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Inequality and the world economy: True Progressivism | The Economist


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Different parts of this agenda are already being embraced in different countries. Latin America has invested in schools and pioneered conditional cash transfers for the very poor; it is the only region where inequality in most countries has been falling. India and Indonesia are considering scaling back fuel subsidies. More generally, as they build their welfare states, Asian countries are determined to avoid the West’s extravagance. In the rich world Scandinavia is the most inventive region. Sweden has overhauled its admittedly huge welfare state and has a universal school-voucher system. Britain too is reforming schools and simplifying welfare. In America Mr Romney says he wants to means-test Medicare and cut tax deductions, though he is short on details. Meanwhile, Mr Obama, a Democrat, has invoked Theodore Roosevelt, and Ed Miliband, leader of Britain’s Labour Party, is now trying to wrap himself in Benjamin Disraeli’s “One Nation” Tory cloak.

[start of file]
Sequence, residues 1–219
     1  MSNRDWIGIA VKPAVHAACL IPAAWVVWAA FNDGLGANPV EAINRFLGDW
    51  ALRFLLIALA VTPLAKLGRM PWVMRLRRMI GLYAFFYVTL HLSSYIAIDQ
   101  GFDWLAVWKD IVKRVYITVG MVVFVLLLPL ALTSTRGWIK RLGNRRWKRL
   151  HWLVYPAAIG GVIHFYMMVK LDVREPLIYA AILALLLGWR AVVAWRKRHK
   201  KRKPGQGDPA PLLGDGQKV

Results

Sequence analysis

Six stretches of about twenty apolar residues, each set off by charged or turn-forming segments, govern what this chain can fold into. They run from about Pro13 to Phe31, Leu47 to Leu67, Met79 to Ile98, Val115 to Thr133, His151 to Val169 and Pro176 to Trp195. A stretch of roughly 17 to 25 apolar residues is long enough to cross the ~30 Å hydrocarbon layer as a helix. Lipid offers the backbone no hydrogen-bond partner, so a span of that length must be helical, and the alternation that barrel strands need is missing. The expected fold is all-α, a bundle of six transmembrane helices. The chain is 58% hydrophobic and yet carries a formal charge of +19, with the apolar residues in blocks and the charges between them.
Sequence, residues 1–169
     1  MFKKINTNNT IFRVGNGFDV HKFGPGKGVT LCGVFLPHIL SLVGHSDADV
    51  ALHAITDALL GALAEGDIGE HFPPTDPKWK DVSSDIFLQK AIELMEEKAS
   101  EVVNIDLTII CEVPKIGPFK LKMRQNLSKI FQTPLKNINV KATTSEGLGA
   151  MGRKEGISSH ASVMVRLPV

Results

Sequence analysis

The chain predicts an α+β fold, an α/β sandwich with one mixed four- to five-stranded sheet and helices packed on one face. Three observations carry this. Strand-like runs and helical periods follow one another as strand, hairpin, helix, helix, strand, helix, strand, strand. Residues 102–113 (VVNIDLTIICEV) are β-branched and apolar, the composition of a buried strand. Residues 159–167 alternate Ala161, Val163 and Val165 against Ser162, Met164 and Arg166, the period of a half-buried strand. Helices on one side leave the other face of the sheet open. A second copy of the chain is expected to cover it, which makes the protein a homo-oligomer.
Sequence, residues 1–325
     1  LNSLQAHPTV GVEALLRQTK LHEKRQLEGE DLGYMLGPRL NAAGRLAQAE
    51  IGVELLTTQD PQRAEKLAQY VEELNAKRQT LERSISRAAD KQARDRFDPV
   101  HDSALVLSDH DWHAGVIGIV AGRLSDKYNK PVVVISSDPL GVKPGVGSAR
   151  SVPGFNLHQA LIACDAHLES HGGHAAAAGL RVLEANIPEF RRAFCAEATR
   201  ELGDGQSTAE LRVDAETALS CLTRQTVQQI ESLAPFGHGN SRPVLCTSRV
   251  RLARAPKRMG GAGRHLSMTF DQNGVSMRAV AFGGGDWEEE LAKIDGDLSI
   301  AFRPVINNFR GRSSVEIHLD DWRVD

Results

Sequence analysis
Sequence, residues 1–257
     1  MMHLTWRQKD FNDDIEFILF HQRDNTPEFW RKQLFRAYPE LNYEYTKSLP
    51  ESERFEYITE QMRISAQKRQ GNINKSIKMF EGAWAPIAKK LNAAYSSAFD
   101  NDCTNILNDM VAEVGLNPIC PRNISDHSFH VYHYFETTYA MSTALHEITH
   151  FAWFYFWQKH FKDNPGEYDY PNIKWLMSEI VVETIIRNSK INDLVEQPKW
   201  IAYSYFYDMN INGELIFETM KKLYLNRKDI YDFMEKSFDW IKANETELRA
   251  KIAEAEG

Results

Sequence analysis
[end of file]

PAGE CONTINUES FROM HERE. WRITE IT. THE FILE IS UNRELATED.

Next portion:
Such cross-dressing is a sign of change, but politicians have a long way to go. The right’s instinct is too often to make government smaller, rather than better. The supposedly egalitarian left’s failure is more fundamental. Across the rich world, welfare states are running out of money, growth is slowing and inequality is rising—and yet the left’s only answer is higher tax rates on wealth-creators. Messrs Obama, Miliband and Hollande need to come up with something that promises both fairness and progress. Otherwise, everyone will pay.

Latin America is the only region where inequality in most countries has been falling?!

The rich get richer -- universally.

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